Charles Day is Wave Hill’s Ruth Rea Howell Senior Horticultural Interpreter.
Although a few of Wave Hill’s hardy water lilies are in bloom this week, many of the plants in the Aquatic Garden are biding their time for their big moment a little later in the summer.
One exception is pickerel weed (Pontaderia cordata). With spikes of tightly-clustered, lavender-blue flowers that stand tall above arrowhead-shaped foliage, it is a dramatic sight and one that will continue for several weeks yet.
Native to the wetlands of much of eastern North America, it is categorized as an emergent aquatic plant, for the simple reason that its stems emerge above the water line. Such plants are usually found in shallow water, such as at the edges of ponds and rivers, where the roots can take hold in the mud below.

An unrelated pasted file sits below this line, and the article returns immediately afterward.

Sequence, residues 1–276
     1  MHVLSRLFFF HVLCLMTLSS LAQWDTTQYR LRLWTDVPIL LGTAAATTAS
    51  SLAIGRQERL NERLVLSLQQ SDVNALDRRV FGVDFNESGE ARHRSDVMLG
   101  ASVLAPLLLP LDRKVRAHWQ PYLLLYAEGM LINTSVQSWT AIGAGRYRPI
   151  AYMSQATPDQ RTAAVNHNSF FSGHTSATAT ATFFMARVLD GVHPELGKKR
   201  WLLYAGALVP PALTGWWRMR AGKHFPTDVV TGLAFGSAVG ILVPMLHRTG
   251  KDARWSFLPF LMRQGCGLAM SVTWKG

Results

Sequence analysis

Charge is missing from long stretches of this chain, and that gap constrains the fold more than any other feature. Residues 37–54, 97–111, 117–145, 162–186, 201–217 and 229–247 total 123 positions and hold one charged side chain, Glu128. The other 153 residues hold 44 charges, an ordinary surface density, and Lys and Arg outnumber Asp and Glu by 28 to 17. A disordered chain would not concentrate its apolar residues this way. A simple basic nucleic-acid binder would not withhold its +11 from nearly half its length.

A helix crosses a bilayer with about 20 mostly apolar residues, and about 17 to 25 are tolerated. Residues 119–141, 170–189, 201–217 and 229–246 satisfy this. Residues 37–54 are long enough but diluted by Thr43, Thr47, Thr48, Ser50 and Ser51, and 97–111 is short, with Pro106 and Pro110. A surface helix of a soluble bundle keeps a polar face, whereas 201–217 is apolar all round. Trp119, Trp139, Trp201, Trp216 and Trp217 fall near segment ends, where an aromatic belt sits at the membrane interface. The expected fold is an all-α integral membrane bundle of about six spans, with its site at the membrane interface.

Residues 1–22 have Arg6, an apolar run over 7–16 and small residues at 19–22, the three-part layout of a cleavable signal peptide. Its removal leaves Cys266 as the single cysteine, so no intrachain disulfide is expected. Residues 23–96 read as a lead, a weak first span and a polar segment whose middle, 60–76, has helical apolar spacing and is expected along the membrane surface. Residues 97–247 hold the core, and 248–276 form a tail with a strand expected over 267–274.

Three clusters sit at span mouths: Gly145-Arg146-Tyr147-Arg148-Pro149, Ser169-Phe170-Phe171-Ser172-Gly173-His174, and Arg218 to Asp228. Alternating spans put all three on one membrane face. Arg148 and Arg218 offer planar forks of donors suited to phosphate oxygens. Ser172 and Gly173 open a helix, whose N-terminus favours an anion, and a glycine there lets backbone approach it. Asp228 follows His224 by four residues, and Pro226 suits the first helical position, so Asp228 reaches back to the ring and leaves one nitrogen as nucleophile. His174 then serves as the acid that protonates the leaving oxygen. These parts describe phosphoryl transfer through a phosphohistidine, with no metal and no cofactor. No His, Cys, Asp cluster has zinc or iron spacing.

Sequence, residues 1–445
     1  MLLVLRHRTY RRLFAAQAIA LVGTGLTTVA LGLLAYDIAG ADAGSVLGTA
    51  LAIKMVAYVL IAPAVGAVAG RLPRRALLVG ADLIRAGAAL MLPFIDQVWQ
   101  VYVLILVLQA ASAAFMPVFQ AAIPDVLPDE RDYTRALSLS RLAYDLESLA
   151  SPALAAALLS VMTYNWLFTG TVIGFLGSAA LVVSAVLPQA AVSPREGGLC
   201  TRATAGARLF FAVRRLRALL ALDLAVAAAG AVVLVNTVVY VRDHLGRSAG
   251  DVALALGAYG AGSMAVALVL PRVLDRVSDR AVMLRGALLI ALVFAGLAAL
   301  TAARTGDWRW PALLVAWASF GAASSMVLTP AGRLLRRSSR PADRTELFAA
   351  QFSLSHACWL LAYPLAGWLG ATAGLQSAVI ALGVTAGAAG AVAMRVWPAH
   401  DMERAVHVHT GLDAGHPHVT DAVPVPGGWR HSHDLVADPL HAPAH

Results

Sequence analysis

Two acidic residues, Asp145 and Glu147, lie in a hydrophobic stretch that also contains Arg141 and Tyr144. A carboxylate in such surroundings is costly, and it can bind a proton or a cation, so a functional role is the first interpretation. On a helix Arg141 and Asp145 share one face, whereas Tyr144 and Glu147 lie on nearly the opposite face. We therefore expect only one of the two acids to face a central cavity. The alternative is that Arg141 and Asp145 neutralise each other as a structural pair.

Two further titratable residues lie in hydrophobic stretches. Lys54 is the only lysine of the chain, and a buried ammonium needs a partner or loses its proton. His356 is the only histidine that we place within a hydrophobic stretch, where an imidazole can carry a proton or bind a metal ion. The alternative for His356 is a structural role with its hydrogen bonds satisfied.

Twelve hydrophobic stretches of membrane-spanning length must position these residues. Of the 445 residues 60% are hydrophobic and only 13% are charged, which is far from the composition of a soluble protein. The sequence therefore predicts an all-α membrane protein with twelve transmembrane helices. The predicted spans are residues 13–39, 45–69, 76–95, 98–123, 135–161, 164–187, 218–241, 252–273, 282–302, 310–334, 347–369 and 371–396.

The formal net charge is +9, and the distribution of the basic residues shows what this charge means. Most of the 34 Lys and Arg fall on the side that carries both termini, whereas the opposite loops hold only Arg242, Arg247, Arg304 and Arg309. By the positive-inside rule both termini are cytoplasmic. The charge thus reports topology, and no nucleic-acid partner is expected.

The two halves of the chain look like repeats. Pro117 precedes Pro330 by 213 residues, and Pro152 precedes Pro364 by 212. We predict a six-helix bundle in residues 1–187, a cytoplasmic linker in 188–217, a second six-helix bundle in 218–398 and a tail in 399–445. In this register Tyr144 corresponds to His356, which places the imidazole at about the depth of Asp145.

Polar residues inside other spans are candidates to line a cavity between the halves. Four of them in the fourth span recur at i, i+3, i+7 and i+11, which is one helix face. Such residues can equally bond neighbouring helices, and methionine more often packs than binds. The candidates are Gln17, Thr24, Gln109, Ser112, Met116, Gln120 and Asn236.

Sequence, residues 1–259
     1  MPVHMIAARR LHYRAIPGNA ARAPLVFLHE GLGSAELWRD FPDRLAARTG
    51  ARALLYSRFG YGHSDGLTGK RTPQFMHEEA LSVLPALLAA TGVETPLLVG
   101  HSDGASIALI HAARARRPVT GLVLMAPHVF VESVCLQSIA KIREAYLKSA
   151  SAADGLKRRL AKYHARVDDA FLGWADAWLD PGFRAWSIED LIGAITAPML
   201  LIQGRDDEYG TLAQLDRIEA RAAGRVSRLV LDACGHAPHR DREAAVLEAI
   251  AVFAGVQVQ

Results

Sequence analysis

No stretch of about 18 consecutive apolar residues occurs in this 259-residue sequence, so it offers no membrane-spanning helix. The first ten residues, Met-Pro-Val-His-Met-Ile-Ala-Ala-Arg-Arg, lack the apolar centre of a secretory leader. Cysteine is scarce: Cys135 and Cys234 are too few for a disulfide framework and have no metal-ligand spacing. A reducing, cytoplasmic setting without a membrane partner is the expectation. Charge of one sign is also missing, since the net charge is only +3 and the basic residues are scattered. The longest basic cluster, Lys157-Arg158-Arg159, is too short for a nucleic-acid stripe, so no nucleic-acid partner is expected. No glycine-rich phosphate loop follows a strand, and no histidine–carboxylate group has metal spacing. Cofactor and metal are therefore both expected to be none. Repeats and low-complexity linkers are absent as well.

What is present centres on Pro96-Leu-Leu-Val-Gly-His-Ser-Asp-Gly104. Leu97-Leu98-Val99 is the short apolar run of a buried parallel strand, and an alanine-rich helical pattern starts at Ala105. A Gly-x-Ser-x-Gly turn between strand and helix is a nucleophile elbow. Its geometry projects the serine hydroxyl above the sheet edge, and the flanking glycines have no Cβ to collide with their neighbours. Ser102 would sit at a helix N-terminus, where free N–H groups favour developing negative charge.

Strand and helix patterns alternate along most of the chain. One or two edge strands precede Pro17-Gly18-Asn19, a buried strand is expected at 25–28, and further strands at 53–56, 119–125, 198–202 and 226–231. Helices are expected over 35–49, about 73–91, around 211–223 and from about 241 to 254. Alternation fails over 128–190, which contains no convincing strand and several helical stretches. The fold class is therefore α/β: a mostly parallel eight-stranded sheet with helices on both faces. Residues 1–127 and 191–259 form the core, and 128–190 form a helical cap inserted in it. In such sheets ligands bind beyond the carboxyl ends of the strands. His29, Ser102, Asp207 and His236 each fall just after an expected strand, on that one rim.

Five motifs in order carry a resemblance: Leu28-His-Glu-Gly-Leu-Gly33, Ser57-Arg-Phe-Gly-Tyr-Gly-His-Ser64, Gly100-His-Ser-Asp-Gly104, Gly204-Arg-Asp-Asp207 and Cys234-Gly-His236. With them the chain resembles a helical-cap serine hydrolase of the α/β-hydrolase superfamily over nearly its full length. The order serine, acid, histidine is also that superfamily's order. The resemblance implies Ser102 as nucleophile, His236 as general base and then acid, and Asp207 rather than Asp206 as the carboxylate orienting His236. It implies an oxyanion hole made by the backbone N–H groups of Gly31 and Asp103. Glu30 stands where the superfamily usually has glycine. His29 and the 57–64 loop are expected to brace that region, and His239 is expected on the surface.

Other aquatic plants, such as the water lilies, are able to root in deeper water. They have long, flexible leafstalks (petioles), attached to leaves that float on the water surface. Unsurprisingly, these are called floating-leaf aquatics.